Vodacom Super Rugby
Bulls go back to square one
Morné Steyn (Gallo Images)
Cape Town – What is it about the Bulls and major spring-cleaning?
It seemed almost with glee on Tuesday that they issued a media release a little quirkily headed: 'Vodacom Bulls say thank you'
At first glance, it seemed it might be a message to the Loftus faithful, acknowledging their contribution to the franchise’s healthy ascent in 2013 to a home Super Rugby semi-final
– albeit an agonisingly failed quest
against the Brumbies -- and deserved supremacy a little earlier in the South African conference.
But instead the statement was effectively a farewell notice to an array of mostly stalwart players – eight in total
"The contracts of (Juandré Kruger, Zane Kirchner, Dewald Potgieter, Jacques Potgieter, Jano Vermaak, Chiliboy Ralepelle, Morné Steyn and Wynand Olivier) have expired and the Blue Bulls Company and Vodacom Bulls management would like to thank them for their services."
It sounded just a little like a retrenchment letter
... but jokes aside, many Bulls fans would, I am certain, have got an alarming feeling of déjà vu.
For while each individual’s departure had already been signalled publicly, bundling their names together somehow made it appear so much more ominously like the previous, mass fleeing of the coop in 2011 when, hot on the heels of other favourites like Gurthro Steenkamp and Gary Botha, blue-chip internationals Victor Matfield, Bakkies Botha, Danie Rossouw and Fourie du Preez (you could add in Pedrie Wannenburg and one or two others) all moved on from the Loftus playing fold.
The latest list of outbound stars may be, in most cases, not quite as weighty in gravitas: keep in mind that Messrs Matfield, Du Preez and company counted among the very best on the planet in their specific positions at the time.
But the eight, all of them Test players, still account for a beefy combined total of 609 Super Rugby caps (all of Steyn, Olivier and Vermaak have gone past three figures).
Mostly influential elements of the post-2011 'rebuild', which commendably and against some expectations saw the Bulls qualify for the finals series in both 2012 and this year, these men now bid farewell to Pretoria for the time being as well: you could say that the consolidation drive suddenly requires ... well, some fresh consolidation of its own.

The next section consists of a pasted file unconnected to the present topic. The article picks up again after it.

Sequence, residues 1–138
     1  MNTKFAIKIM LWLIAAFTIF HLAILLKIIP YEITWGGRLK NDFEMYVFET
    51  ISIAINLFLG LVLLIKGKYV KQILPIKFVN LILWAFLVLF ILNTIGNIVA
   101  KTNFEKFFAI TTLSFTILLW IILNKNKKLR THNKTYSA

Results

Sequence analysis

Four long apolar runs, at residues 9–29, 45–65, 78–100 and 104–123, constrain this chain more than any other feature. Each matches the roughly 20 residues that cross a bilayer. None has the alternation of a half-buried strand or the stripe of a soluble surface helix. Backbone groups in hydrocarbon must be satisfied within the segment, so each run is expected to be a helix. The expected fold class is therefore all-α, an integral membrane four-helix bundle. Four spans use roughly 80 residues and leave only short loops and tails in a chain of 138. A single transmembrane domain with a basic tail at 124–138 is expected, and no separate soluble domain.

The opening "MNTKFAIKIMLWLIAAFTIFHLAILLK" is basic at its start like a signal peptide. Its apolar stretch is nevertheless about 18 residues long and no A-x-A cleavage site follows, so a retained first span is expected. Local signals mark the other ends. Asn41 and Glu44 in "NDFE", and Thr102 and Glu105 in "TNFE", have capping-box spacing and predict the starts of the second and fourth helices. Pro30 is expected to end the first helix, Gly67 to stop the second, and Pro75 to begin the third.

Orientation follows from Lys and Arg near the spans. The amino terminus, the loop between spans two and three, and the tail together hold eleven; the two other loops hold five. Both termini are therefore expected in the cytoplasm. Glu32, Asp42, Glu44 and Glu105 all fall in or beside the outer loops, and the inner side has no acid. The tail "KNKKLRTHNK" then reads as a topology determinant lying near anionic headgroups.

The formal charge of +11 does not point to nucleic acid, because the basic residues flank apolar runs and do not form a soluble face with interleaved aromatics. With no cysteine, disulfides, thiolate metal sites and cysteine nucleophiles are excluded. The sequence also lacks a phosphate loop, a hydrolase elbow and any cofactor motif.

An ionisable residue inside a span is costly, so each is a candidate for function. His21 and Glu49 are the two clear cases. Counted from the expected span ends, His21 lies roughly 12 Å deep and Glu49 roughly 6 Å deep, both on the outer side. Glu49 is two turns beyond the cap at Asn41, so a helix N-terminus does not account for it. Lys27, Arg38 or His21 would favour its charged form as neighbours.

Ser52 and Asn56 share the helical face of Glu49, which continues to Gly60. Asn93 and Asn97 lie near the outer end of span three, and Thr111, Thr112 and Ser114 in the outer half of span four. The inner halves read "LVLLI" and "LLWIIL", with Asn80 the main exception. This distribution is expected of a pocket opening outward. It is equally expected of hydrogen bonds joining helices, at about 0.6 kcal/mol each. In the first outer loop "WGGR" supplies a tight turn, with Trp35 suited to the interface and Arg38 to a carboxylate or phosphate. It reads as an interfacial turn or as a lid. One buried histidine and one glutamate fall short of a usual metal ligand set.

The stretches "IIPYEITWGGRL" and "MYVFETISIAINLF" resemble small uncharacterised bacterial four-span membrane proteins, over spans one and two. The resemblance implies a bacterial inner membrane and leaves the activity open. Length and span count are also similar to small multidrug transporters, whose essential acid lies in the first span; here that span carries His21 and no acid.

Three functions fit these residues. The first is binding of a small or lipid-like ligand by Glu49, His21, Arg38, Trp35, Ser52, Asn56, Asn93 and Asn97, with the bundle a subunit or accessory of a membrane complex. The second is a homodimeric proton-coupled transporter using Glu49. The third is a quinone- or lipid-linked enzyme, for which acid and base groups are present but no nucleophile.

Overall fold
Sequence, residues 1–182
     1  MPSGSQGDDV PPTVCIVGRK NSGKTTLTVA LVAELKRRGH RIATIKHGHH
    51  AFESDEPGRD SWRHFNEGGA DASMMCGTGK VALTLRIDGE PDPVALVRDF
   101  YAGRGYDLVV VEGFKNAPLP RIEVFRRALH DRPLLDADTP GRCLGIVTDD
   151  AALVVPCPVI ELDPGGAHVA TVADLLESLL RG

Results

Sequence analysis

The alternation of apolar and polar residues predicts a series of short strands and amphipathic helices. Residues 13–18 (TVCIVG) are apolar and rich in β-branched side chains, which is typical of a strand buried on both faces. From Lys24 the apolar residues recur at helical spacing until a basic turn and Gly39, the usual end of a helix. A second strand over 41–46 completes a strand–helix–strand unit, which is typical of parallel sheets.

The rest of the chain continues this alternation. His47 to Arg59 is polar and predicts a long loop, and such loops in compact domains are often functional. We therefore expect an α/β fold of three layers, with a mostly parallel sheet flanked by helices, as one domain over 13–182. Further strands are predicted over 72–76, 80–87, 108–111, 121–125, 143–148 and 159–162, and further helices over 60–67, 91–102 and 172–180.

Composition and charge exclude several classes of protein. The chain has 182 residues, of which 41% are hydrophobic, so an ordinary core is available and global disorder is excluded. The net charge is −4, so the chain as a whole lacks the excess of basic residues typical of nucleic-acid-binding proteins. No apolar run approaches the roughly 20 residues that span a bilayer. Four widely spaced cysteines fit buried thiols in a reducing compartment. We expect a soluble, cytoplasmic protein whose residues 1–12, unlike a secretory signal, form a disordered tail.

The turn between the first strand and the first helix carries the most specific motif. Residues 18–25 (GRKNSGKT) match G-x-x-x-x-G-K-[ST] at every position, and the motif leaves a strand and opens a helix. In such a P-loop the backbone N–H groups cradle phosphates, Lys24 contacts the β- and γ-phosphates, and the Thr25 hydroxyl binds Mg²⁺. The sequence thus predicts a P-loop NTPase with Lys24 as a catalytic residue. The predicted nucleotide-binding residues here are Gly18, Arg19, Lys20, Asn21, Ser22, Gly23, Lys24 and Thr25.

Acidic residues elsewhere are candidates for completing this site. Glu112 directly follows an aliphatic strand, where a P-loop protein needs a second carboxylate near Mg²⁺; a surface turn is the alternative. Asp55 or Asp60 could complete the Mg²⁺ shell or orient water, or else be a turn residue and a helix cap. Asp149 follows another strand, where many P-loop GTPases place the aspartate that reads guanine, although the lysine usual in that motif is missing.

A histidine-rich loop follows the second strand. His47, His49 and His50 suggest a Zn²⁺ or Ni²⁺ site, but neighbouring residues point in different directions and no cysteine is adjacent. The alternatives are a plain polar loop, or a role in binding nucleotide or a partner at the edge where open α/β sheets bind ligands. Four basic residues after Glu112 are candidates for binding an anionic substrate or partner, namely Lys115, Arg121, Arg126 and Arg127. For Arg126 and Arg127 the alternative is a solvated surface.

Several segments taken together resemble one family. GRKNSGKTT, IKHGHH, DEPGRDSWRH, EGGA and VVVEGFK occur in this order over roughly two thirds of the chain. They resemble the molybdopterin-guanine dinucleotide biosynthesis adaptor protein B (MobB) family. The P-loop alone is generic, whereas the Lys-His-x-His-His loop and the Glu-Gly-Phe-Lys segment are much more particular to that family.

It is, once again, a lot of good names to unload in one go, and there is absolutely no guarantee that the Bulls will be able to absorb this blow as impressively as they did the 2011 exodus.
Let’s face it, a character like Steyn has been an integral part of the Loftus furniture since around 2005 and holder of all sorts of records in points accumulation, even if he is no Dan Carter for completeness as a No 10.
A slightly easier void to fill, of course, concerns someone like blond midfielder Olivier, just turned 30 and probably having peaked in top-flight rugby; the future of the Bulls No 12 jersey so clearly lies for the foreseeable future in the exciting figure of Jan Serfontein.
Nevertheless, additionally stripped of various still-resident Boks for the Rugby Championship, the Bulls now look to have a notably wet-behind-the-ears crew for the 2013 Currie Cup (even given that the once untouchable old domestic competition is swiftly downgrading to a mere development device anyway for Super Rugby) and are likely to experience at least some teething difficulties as they negotiate 2014 hostilities in the latter.
What the Bulls have on their side, as they work to close the latest cracks, is a settled and committed coaching team, consistently sound structures at U19 and U21 level, and a remarkable ability among their scouts to usually quickly recruit the very cream of every year’s Craven Week schoolboy players.
They are also no strangers to signing up headline names from other franchises: it was probably no coincidence – and a swift placatory gesture to their nervous supporters – that soon after the 'departures' press statement came another trumpeting the arrival for next year’s Super Rugby of slippery Cheetahs scrumhalf Piet van Zyl
The thought of the attack-minded Van Zyl at No 9, someone like the undoubtedly gifted ex-Baby Bok Handré Pollard immediately outside him (filling Steyn’s considerable boots), and then Messrs Serfontein and JJ Engelbrecht in the centre berths hints fairly strongly at a fascinating new commitment to enterprise at Loftus.
That may well be viewed as a necessary, calculated way to go, given the problems the Bulls have encountered at the set-pieces – once areas of such gung-ho strength for them – of late.
Even on that score, there are fledgling signs that the situation may not be too parlous in 2014 and beyond: rocked by first the Matfield retirement and then Kruger’s untimely surrender of the No 5 lock’s shirt ahead of the knockout phase this year, perhaps it was significant that 22-year-old Grant Hattingh had one of his most visible games yet for the Bulls in the nail-biting semi last weekend.
Similarly, the wonky front row seemed to find a decent second wind when Morné Mellett, 23, came off the bench to serve the loose-head side of the scrum very determinedly.
And don’t misinterpret my mild anxiety over the newest haemorrhaging of trusty personnel: times may well prove exciting, unusually free-spirited and containing dramatic seeds of youthful renewal in Bulls country over the next couple of years.
But less likely, I believe, will be a strong enough assault to be able to emulate the prior Super Rugby title conquests of 2007, 2009 and 2010.
Once again, they have probably shed too many experienced customers in one sweep of the brush to be in a position to go all the way to the grand prize for a fourth time, at least in the short- to medium-term.
Depth could be a problem ...*Follow our chief writer on Twitter: @RobHouwing